Retrospective of the Viennese group currently (hosted by WORK Gallery, near Kings Cross) inflatables capsules for two, parasitic structures, breathing devices, utopian ideas, helmets and pneumatic prostheses. It’s critique of architecture and architecture as critique.
Inner World / Innen Welt: The Projects of Haus-Rucker-Co., 1967-1992, shows archival drawings and collages, photographs, models and original ephemera spanning Haus-Rucker-Co.’s 25-year collaboration. The show marks the 20-year anniversary of Haus-Rucker-Co.’s dissolution. Haus-Rucker-Co. was founded in 1967 by Laurids Ortner, Günther Zamp Kelp and Klaus Pinter, later joined by Manfred Ortner. Already working together as Ortner & Ortner on major building commissions from the mid-1980s, Manfred and Laurids Ortner went on to develop an extensive portfolio of built projects, propelling the preoccupations of Haus-Rucker-Co. into a new realm.
Haus-Rucker-Co.’s designs for inflatable structures, prosthetic devices and interventions into public spaces were also blueprints for social change and an experiential theory of architecture. Situating itself in the transitional ground between architecture, design and action art, the group was unique in its distinctive emphasis on the perceptual realm.
Their pneumatic projects aimed to counteract apathy and passive acceptance of one’s environment by distorting the experience of public and private spaces, evoking a “feeling of foreignness”. Immersive environments, bubble and capsule forms, and mind-expanding structures for private contemplation or forging personal connections all delineate not only specific physical zones but also psychological spaces. Haus- Rucker-Co. also took a playful approach to architectural materials and strategies. Plastics—mutable, flexible, inexpensive, and with seemingly infinite potential—provided not only the material for many of their projects but also served as a model for the era’s futurist vision of a democratic and mobile lifestyle.
Inner World / Innen Welt presents a comprehensive selection of archival drawings and collages, photographs, models and ephemera spanning Haus-Rucker-Co.’s 25-year collaboration. Some of the projects on display were realised in public spaces; others remain virtual—and often fantastic—solutions for social, political or environmental concerns. Exhibited projects include Oase Nr. 7, a bubble-like personal oasis which protruded from the façade of the Museum Fridericianums during the 1972 Documenta; Gelbes Herz, a psychedelically-patterned “communications space-capsule for two people”; Rahmenbau, a giant framing mechanism contrasting urban sprawl with the natural landscape; and Cover, a temporary white inflatable casing erected over Mies van der Rohe’s 1921 Lange House in a gesture of architectural dialogue.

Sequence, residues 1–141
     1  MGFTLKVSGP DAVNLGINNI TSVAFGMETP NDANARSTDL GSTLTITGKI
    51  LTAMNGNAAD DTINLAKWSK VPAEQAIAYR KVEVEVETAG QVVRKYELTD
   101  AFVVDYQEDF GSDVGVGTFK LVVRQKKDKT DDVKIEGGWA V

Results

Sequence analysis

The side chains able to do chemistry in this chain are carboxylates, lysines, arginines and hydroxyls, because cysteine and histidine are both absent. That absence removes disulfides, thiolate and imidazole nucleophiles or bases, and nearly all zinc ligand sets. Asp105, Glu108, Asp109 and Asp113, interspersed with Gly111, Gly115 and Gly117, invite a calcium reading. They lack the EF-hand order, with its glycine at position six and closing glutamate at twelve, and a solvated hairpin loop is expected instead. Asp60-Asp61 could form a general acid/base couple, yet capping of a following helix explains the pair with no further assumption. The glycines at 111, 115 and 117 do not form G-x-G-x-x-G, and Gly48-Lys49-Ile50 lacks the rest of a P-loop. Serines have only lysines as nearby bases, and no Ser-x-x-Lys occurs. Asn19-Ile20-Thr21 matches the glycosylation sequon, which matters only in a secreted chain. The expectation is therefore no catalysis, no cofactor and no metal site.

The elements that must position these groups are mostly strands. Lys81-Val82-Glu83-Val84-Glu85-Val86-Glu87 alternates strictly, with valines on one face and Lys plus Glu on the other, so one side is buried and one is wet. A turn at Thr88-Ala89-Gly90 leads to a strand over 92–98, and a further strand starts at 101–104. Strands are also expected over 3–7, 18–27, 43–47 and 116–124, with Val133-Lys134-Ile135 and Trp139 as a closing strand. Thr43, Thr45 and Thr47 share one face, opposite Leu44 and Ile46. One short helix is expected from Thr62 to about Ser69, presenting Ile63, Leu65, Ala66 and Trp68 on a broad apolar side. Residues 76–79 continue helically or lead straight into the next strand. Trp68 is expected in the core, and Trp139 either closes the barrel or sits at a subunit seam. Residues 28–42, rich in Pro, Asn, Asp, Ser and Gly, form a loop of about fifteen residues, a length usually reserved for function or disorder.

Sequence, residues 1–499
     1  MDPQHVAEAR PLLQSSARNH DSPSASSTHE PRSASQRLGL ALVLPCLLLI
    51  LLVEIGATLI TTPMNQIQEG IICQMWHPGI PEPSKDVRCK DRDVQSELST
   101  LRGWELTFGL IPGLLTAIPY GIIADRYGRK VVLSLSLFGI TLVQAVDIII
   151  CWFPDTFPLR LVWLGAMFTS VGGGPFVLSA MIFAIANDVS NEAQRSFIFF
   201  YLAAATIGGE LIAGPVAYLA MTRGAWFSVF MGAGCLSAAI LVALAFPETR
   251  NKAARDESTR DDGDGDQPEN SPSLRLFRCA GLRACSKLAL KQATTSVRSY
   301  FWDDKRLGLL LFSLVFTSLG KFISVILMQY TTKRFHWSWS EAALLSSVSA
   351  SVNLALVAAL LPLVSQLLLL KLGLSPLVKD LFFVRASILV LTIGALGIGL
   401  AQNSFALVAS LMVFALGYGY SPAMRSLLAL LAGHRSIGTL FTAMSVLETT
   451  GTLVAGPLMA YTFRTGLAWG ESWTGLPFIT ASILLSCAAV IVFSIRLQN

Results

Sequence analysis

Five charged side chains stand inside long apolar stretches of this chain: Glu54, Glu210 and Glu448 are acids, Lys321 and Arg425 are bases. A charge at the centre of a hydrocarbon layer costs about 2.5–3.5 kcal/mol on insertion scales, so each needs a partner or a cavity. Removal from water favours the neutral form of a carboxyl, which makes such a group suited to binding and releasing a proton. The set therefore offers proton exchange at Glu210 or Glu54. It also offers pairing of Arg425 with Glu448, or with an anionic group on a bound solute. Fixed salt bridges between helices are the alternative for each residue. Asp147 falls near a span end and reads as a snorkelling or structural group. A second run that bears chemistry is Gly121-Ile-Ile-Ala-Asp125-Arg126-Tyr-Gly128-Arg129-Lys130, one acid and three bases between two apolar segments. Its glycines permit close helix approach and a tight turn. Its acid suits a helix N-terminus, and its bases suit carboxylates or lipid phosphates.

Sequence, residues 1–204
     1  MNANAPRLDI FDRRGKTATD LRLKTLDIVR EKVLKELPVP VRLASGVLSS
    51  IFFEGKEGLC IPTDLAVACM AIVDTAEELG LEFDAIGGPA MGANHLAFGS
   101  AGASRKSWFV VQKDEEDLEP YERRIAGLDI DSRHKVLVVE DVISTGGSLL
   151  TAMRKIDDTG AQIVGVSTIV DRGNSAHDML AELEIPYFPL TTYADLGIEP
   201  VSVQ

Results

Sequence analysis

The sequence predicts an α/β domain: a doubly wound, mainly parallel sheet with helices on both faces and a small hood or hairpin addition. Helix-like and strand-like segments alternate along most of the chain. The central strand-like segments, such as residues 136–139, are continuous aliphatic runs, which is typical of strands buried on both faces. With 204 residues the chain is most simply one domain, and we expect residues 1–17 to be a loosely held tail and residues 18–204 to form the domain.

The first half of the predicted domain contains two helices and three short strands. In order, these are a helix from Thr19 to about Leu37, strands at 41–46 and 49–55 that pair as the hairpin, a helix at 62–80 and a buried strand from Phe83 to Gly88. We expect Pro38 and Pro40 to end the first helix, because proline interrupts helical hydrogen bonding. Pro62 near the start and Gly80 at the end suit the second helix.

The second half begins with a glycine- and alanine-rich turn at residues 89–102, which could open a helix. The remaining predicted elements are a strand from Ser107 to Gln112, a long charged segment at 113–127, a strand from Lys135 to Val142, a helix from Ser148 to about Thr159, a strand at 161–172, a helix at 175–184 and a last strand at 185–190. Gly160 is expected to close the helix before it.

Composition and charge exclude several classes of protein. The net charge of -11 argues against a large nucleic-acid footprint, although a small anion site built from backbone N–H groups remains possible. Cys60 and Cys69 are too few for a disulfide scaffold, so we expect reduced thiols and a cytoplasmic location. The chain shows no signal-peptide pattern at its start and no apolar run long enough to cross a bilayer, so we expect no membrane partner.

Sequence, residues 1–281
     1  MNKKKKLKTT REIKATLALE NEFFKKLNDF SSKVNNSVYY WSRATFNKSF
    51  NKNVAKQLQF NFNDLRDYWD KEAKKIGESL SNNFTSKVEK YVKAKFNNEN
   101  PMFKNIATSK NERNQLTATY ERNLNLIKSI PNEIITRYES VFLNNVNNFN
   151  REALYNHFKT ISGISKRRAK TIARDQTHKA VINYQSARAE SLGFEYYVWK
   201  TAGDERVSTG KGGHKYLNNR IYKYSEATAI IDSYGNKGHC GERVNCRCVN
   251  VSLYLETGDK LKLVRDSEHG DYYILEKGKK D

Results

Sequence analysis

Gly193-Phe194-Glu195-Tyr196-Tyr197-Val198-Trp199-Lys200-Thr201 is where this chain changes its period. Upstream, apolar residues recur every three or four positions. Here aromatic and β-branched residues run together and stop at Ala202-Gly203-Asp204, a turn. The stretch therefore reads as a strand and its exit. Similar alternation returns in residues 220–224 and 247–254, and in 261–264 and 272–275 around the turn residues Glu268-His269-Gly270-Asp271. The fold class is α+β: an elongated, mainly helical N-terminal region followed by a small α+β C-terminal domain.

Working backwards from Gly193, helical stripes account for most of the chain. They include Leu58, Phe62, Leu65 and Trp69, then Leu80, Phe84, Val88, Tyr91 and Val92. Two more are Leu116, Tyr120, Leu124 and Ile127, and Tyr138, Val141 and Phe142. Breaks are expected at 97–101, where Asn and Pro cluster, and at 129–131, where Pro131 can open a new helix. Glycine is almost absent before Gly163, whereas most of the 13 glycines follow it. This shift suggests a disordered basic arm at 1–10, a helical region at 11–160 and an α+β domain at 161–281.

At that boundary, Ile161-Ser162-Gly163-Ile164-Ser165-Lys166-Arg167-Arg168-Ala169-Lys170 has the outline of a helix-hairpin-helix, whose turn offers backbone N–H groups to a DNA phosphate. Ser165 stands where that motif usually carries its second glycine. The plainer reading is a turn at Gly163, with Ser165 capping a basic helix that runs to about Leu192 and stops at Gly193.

Inner World / Innen Welt marks the 20-year anniversary of Haus-Rucker-Co.’s dissolution with a celebration of the broad scope and conceptual density of this extraordinary group’s output. Haus-Rucker-Co. was founded in 1967 by Laurids Ortner, Günther Zamp Kelp and Klaus Pinter, later joined by Manfred Ortner. The group has exhibited internationally, including participation in Documenta 5 and 6, and was the subject of a major exhibition at Kunsthalle Wien in 1992, the year of the collective’s dissolution. Already working together as Ortner & Ortner on major building commissions from the mid-1980s, Manfred and Laurids Ortner went on to develop an extensive portfolio of built projects, propelling the preoccupations of Haus-Rucker-Co. into a new realm.
Oase Nr. 7, a personal oasis with a diameter of 8 metres protruded from the façade of the Museum Fridericianums during the 1972 Documenta.
The Mind Expander allowed two people to isolate themselves from their environment and enter in spiritual communion with each other.”The Mind Expanding Programme aimed to explore the inner world, and to improve the psychological capacity of those who took part in the individual elements, as well as those who witnessed them in some way.”
Nike was an installation for the Forum Metall Linz exhibition. The photographic replica of the headless Victory of Samothrace was projected upwards from the rood of the University of the Arts. The works sparked a debate about the work itself and the state of contemporary art. After 27 months of controversy, it was discreetly removed under the cover of the night.
The Inclined Plane was an element of temporary architecture that visually separated Vienna into two halves. The half towards the inner city was bordered by the black surface of the plane, the other half, facing away from the city, by the plane’s other, white surface.
flanerie: the art if getting lost
The notion of flâneur – employed since the late 19th century to designate poets and intellectuals that critically observed people’s behavior while strolling among the crowd, and codified in the Walter Benjamin’s influential work on the Passages of Paris – is once again of central interest (in sociology, philosophy, architecture, literature, and cinema) as a tool for identifying a specific mode of travel and exploration of places, a particular type of reflective relationship with people and spaces.